Glucocorticoid Withdrawal Syndrome in Patients With Treated Cushing Syndrome

Glucocorticoid Withdrawal Syndrome in Patients With Treated Cushing Syndrome

Cushing syndrome (CS) is an endocrine disorder caused by chronic exposure to glucocorticoid (GC) excess. Endogenous CS has an estimated incidence of 0.2 to 5.0 cases per million per year and prevalence of 39 to 79 cases per million in various populations. CS usually affects young women, with a median age at diagnosis of 41.4 with a female-to-male ratio of 3:1. Following a curative surgery for CS, patients develop adrenal insufficiency and require GC replacement postoperatively until the hypothalamic-pituitary-adrenal (HPA) axis recovery occurs. Factors, such as age, gender, BMI, subtypes of CS, duration of symptoms, clinical and biochemical severity and postoperative GC dose have been reported to affect the HPA recovery in small retrospective studies. Glucocorticoid withdrawal syndrome (GWS) is a withdrawal reaction due to decrease in supraphysiological GC concentrations, which occurs after a successful surgery of CS. Glucocorticoid withdrawal syndrome (GWS) is under-recognized entity in patients undergoing curative surgery for endogenous Cushing syndrome.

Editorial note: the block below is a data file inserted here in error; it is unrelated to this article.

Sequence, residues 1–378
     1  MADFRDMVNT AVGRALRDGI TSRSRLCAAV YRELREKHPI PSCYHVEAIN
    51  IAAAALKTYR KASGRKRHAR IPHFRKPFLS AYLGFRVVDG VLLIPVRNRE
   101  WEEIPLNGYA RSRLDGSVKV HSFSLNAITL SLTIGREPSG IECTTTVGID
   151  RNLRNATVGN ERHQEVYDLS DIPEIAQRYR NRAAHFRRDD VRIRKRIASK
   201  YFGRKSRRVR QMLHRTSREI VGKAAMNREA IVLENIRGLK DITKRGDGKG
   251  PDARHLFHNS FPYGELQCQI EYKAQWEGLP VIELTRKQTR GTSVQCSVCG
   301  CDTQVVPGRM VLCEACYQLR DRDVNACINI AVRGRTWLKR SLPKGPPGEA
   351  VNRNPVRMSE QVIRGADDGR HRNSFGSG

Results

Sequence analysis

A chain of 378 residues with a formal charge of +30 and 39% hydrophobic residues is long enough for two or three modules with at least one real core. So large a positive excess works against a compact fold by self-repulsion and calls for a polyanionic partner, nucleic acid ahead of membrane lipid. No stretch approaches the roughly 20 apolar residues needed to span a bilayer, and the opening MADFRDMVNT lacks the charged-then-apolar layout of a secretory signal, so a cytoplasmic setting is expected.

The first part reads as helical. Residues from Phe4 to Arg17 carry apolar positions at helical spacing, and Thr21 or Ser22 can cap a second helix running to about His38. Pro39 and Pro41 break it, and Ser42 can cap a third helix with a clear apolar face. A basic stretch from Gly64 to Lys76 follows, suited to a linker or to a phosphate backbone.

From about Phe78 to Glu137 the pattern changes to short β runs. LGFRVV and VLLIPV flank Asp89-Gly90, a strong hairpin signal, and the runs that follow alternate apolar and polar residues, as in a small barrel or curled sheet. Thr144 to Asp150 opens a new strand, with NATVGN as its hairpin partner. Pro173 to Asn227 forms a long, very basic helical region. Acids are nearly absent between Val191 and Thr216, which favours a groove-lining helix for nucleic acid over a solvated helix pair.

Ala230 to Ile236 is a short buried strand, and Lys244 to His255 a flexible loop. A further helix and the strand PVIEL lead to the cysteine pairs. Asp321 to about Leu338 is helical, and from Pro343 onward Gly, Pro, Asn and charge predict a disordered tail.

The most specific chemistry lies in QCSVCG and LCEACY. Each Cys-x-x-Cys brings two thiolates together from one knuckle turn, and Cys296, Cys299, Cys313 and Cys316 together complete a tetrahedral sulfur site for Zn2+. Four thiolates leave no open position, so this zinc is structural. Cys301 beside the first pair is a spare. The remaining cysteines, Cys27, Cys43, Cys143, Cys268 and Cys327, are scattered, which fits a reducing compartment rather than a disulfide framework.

In this study we aim to determine pre- and post-surgical predictors of the duration and severity of glucocorticoid withdrawal in patients undergoing a curative surgery for cortisol excess and assess the effect of MUSE intervention on GWS severity in patients undergoing curative surgery for CS as compared to standard of care.

Source: View full study details on ClinicalTrials.gov

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November 2, 2022Comments OffClinicalTrials.gov | Endocrinology Clinical Trials | Endocrinology Studies | US National Library of Medicine
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